Farrell Greenwald Brenner

Whispers for the Unclean Dead


in this phantom forest frequented

by lurking leshy and patient polevoi

one baba sits, sways, sighs


I can’t help you

she groans between the to and fro

as groans her palsied rooster legs


you can baptize your bastard baby

three hundred and thirty-three times over

but back its soul can never be bought


Have you never had a child?

begs the kneeling molodka with black holes beneath her eyes

Have you none of your own?


a rustle in the white birch leaves

a chuckle in the wayward wind

the joke passed between the common terns and loons


You misunderstand, I have one treasured child,

she spits through a spiteful smirk,

who is the father of that one there


Baba’s knobbed finger finds like some twisted twig

the empty swaddle there

which unravels to a spool of mottled atrophy


she laughs poison mushrooms

because she’d know her son’s handiwork anywhere

Where is your husband, your baby, your god, now?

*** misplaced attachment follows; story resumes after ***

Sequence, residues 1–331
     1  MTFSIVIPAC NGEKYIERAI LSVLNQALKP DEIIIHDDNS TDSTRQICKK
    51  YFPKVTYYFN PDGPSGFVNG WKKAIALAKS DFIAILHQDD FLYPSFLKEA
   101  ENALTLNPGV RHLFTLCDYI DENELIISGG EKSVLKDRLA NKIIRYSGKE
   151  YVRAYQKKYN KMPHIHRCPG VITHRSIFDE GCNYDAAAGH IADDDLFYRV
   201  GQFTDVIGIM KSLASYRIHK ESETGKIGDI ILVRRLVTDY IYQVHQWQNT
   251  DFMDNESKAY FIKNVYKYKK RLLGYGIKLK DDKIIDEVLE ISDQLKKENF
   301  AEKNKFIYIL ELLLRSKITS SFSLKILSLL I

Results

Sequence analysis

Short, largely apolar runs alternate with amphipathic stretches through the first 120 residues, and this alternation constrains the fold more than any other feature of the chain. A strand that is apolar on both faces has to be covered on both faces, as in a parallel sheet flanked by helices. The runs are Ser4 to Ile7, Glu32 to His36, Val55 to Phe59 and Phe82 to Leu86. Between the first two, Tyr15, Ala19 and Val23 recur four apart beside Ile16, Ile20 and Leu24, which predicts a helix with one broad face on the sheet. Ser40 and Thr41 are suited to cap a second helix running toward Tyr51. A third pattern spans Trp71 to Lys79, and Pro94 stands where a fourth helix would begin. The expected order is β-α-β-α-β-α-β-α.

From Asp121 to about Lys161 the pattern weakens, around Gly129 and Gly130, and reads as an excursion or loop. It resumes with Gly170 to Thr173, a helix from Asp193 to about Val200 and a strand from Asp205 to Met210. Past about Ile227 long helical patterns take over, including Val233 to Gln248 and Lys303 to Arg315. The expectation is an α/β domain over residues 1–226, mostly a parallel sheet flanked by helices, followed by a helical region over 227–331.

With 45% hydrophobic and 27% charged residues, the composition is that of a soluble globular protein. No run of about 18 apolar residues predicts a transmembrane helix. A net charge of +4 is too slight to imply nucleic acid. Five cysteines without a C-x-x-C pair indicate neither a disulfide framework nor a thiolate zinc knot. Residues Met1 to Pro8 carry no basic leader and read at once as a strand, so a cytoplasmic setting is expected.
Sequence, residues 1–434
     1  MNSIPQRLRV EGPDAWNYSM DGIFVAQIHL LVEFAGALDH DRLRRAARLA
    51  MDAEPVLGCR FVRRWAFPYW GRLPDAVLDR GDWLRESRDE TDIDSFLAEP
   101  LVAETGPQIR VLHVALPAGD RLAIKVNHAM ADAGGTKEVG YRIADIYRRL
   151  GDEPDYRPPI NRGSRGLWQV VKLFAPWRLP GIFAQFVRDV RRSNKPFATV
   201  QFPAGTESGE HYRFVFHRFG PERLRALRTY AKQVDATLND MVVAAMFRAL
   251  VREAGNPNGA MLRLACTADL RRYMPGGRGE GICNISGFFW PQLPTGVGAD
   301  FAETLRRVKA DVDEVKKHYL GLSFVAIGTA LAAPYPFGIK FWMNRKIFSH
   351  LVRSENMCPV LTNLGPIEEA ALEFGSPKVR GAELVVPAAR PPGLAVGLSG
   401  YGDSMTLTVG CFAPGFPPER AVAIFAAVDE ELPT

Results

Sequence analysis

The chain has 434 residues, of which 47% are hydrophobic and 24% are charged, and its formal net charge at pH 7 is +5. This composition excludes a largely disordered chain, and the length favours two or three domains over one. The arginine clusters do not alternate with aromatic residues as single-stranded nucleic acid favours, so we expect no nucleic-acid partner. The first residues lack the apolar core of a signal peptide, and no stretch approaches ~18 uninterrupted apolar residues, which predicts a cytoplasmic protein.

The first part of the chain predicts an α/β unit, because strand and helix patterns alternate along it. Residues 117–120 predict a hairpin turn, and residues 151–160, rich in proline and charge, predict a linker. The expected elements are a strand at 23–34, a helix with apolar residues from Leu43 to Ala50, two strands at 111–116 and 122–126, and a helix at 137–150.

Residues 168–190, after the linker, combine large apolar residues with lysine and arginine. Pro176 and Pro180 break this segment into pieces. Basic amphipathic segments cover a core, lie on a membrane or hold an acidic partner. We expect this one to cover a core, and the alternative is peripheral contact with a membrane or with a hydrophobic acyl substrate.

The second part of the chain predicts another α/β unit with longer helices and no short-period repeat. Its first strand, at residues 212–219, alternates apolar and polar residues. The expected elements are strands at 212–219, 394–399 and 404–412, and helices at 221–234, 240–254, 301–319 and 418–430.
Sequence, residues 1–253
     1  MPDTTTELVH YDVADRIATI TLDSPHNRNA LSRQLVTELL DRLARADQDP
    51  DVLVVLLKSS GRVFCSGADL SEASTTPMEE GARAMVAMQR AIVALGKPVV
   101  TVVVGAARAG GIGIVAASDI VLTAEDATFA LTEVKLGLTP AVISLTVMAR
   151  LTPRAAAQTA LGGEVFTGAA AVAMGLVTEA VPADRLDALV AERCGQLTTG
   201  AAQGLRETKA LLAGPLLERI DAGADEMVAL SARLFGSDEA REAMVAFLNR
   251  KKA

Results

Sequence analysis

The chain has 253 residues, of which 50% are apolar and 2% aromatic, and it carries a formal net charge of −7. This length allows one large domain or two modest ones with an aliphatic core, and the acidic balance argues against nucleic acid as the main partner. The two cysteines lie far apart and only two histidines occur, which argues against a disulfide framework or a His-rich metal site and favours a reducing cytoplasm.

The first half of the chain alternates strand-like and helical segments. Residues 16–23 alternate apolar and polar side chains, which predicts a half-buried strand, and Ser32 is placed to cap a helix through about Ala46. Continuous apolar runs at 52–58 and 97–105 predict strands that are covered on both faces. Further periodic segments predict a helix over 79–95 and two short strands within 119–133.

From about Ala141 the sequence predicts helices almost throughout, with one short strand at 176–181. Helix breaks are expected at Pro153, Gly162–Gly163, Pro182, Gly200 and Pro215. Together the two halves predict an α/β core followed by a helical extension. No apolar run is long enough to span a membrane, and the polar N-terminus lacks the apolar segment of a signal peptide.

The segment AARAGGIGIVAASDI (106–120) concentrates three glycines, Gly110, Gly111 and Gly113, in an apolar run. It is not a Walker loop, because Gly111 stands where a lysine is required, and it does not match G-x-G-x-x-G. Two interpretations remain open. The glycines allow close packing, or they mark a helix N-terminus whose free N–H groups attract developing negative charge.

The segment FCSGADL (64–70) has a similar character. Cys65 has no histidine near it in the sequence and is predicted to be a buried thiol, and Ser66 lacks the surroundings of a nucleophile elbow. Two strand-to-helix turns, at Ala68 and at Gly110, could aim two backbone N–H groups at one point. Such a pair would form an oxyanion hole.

the water molecules in the soil

rise to a boil, distillation

death gives way to death


there is no ceremonious prayer of welcome

no iron sglaz amulets askew

here, no one lingers on the threshold


an invitation consists of: a shrug

an over-the-shoulder glance

might as well come in, then


only one mat, so you can sleep by the fire

but watch out—around two or three

the pots and pans come to life. They mean no harm.


one grainy room ground to bits

in this earthquake of wretched frustration

you can’t answer to a god if it stops asking


All we’ve got is each other

Baba mutters through the door handle

the first of many incantations


a whisper for tears, a whisper for blood

a whisper for pins and needles and pine needles too

whispers that belong at the bottom of the river


We’ll skip the whispers for colic, for now

but you’d be surprised how long and low the night can wail

they move on to whispers for rooster crows


dig hearty, dig deep, dig down into

the damp, damp dirt

and bite that tongue—the forest is loud enough as it is


As the unclean dead rise and dance

molodka sleeps on her pillow of ashes

and dreams of nothing for the first time.


Farrell Greenwald Brenner is from the Hudson Valley and is a recent graduate of Syracuse University. Her writing has appeared in Glass: A Journal of Poetry, Lilith Magazine, Lavender Review, Hematopoiesis Press, Milkweed Poetry Journal, and more. Her inaugural book of poetry, Diatribe from the Library, was published in 2017 by Headmistress Press. She works for a nonprofit organization for the LGBTQ community by day and moonlights as a beginning roller derby skater.

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